NFU warns that PM’s announcement doesn’t take ‘No-Deal’ off the table

The National Farmers’ Union (NFU) has warned against extending Article 50 saying it is “unacceptable” to prolong the uncertainty currently facing British farms and businesses.

Speaking in the House of Commons earlier on Tuesday (February 26), the Prime Minister offered MPs a “meaningful vote” on her Brexit deal by March 12.

May told MPs that, through this, the UK would “only leave without a deal on March 29 if there is explicit consent in the House for that outcome”.

The vote will see MPs decide whether to back the latest incarnation of May’s withdrawal agreement, including any changes agreed with the EU by that point.

Should this fail, on March 13 MPs will vote on two separate issues: The prospect of a no-deal Brexit; and whether or not to request an extension to Article 50 to delay departure day.

Responding to the announcement from the Prime Minister yesterday that there could be an extension of Article 50 if her deal is voted down on March 12, NFU president Minette Batters said: “The NFU has always maintained that leaving the EU without a deal would be a catastrophe for British farming.

“Today’s statement by the Prime Minister that there may be a vote on extending Article 50 if her deal is voted down does lessen the chances of leaving with no deal 16 days later on March 29.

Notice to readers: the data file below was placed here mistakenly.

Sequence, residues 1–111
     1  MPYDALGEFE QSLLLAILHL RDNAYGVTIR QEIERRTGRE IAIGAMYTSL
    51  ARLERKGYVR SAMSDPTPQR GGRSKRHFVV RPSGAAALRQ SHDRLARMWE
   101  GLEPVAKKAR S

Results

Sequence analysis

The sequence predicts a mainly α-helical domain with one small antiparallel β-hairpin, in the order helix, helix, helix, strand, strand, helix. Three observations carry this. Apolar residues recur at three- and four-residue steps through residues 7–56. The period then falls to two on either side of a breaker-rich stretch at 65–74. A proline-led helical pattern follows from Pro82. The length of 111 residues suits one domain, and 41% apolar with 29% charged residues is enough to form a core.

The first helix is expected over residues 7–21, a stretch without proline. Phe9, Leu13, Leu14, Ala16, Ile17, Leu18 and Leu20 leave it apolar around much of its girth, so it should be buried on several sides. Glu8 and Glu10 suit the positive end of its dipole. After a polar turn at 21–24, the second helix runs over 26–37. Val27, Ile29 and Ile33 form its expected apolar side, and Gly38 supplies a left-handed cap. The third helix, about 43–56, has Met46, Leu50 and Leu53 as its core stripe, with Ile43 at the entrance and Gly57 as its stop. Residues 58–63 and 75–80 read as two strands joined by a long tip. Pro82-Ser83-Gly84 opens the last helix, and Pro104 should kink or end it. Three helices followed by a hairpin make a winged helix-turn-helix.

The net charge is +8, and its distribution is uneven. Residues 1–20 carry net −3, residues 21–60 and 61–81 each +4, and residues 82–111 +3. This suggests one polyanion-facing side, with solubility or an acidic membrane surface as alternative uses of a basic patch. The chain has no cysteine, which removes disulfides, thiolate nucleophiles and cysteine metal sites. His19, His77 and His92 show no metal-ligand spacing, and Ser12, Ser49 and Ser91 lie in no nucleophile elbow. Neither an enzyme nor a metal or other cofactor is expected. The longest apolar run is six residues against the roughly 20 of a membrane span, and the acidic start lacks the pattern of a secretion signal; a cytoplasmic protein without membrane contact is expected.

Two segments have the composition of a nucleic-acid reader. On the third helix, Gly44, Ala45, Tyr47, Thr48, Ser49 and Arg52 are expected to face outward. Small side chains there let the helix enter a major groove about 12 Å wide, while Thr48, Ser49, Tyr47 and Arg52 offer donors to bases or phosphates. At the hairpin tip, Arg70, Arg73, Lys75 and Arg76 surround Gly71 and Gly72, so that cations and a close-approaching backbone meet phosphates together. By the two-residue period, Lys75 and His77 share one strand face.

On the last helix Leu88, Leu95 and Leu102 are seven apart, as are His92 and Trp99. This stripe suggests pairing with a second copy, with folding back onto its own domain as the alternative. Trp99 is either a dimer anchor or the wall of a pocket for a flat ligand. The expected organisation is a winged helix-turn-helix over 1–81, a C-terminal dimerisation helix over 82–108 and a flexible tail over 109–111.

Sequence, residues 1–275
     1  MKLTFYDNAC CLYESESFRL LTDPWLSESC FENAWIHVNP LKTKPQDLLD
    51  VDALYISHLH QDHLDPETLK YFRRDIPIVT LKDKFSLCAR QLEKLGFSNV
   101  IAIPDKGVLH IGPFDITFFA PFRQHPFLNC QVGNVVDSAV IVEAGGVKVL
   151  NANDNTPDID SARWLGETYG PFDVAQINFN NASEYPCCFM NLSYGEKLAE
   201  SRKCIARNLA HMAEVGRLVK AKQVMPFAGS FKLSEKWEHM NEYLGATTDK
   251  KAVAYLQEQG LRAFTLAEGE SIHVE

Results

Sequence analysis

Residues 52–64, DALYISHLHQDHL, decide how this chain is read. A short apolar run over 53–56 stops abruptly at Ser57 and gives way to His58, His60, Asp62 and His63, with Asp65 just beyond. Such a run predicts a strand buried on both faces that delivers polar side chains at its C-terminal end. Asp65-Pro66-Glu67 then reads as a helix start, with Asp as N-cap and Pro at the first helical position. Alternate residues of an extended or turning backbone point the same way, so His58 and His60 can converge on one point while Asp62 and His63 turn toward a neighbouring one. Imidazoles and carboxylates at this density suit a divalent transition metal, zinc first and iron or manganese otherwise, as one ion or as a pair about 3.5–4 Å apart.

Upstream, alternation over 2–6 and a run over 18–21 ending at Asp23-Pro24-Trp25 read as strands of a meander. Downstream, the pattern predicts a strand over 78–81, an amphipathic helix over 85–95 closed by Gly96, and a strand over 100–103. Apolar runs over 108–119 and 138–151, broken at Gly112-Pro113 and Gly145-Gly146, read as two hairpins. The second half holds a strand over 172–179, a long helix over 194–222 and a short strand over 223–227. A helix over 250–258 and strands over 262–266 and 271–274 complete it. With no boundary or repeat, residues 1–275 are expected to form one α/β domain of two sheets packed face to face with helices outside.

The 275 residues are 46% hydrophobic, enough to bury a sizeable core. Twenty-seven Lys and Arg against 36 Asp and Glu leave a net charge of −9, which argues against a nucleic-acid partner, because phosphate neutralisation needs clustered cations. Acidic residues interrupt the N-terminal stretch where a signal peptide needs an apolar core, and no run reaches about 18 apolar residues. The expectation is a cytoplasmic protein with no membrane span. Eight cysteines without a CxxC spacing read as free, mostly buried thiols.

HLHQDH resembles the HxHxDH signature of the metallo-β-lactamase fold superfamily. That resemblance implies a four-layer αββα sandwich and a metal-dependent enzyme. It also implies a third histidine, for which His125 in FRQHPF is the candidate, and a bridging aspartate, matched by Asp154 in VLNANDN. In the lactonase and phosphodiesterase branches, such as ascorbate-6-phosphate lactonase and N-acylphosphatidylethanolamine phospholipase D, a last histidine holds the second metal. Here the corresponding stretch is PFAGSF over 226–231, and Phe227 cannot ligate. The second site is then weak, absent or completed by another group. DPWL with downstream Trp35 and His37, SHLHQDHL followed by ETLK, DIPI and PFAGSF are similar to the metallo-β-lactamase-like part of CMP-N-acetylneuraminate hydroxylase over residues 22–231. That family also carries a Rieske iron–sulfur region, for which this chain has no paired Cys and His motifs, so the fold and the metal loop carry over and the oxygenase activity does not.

However, any extension of Article 50 does not take ‘no-deal’ off the table completely, it would simply delay the exit date.

“The Prime Minister has said any such extension would not be lengthy. Therefore, there would continue to be no certainty for British farmers as to what our trading relationship would be with the EU after this date.

“I maintain it is unacceptable for British businesses, including farmers, to be in this position. It is vital that, if there is to be an extension, that time is spent productively by Parliament in delivering a deal which will work for Britain.

“Simply delaying Article 50 and the associated uncertainty is not going to help British farmers and food producers – and wider British business – by itself.”

‘Farmers want answers’

Ulster Farmers’ Union president Ivor Ferguson added: “This is not ideal for farm businesses here in Northern Ireland.

Farmers want answers and at this moment in time, they face uncertainty as to what any future trading relationship will look like with the Republic of Ireland and other EU Member States.

“We want to see a deal secured, one that allows for trade between Northern Ireland and the Republic of Ireland to continue with minimal disruption, and enables frictionless trade with the rest of the EU.”